Nate Rott

Nathan Rott is a correspondent on NPR's National Desk, where he focuses on environment issues and the American West.

Based at NPR West in Culver City, California, Rott spends a lot of his time on the road, covering everything from breaking news stories like California's wildfires to in-depth issues like the management of endangered species and many points between.

Rott owes his start at NPR to two extraordinary young men he never met. As the first recipient of the Stone and Holt Weeks Fellowship in 2010, he aims to honor the memory of the two brothers by carrying on their legacy of making the world a better place.

A graduate of the University of Montana, Rott prefers to be outside at just about every hour of the day. Prior to working at NPR, he worked a variety of jobs including wildland firefighting, commercial fishing, children's theater teaching, and professional snow-shoveling for the United States Antarctic Program. Odds are, he's shoveled more snow than you.

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The warnings come with unsettling regularity:

Climate change threatens 1 million plant and animal species.

Warmer oceans could lose one-sixth of their fish and other marine life by the end of the century.

Angel Portillo doesn't think about climate change much. It's not that he doesn't care. He just has other things to worry about. Climate change seems so far away, so big.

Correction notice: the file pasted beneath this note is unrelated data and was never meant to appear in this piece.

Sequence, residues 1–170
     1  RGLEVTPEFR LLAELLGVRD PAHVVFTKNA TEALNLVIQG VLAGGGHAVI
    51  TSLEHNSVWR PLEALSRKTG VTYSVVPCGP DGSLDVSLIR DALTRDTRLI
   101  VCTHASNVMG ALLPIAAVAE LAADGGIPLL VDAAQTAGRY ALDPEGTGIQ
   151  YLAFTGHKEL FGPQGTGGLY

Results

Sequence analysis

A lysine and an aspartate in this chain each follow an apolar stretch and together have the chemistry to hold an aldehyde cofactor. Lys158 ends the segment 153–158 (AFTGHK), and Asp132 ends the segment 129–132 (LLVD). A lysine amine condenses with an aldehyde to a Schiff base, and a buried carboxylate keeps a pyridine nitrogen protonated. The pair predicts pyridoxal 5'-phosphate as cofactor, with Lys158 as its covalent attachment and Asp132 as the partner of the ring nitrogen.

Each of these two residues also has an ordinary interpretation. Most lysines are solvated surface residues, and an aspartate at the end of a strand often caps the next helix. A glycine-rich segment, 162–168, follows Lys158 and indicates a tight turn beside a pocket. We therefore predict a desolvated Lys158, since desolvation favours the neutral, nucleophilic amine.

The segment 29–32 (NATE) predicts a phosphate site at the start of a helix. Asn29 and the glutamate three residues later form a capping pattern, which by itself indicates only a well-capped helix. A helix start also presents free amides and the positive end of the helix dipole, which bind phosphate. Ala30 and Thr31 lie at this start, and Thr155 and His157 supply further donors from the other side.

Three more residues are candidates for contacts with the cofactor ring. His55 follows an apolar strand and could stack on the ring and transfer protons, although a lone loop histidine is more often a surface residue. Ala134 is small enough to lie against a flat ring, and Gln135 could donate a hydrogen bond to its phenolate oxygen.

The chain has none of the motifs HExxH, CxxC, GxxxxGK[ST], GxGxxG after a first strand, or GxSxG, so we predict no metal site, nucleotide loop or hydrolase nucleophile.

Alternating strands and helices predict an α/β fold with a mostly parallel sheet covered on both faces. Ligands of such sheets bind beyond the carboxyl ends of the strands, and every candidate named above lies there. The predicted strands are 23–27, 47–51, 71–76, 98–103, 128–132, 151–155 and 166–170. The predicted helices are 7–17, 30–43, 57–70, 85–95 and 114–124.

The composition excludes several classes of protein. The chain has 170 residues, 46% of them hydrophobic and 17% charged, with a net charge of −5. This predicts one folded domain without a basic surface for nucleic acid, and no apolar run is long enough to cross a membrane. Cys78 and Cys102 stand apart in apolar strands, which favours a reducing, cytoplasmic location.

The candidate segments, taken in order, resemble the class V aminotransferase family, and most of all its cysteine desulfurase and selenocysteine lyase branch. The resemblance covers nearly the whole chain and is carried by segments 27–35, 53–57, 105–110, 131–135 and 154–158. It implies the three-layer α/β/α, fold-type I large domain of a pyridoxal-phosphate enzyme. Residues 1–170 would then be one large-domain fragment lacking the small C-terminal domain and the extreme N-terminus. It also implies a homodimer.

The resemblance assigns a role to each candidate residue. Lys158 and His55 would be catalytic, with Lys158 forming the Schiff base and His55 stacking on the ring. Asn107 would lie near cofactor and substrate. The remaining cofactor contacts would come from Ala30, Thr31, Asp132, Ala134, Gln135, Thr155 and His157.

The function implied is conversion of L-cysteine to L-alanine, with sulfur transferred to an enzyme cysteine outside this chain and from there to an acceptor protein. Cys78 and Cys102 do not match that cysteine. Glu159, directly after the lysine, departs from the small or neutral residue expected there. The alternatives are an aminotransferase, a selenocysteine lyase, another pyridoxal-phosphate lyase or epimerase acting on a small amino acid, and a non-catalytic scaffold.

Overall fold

Lately though, Portillo says he has been thinking about it more often.

Standing on the banks of a swollen and surging Arkansas River, just upriver from a cluster of flooded businesses and homes, it's easy to see why.

"Stuff like this," he says, nodding at the frothy brown waters, "all of the tornadoes that have been happening — it just doesn't seem like a coincidence, you know?"

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Updated at 9:35 p.m. ET

The Arkansas River just keeps rising. The usually placid tributary of the Mississippi has become a bloated torrent carrying entire trees downstream, drowning riverfront property and halting commerce for hundreds of miles.

Scott Pruitt, the former head of the Environmental Protection Agency, and his staff spent roughly $124,000 in excessive travel costs during a ten-month period, according to a new report from EPA's internal watchdog.

Up to 1 million of the estimated 8 million plant and animal species on Earth are at risk of extinction — many of them within decades — according to scientists and researchers who produced a sweeping U.N. report on how humanity's burgeoning growth is putting the world's biodiversity at perilous risk.

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The Trump administration is postponing controversial plans to greatly expand oil and gas drilling off of the nation's coasts, following a recent setback in court and months of pushback from coastal communities.

Last month, a federal judge in Alaska ruled that President Trump exceeded his authority when he signed an executive order to lift an Obama-era ban on oil and gas drilling in parts of the Arctic and Atlantic oceans.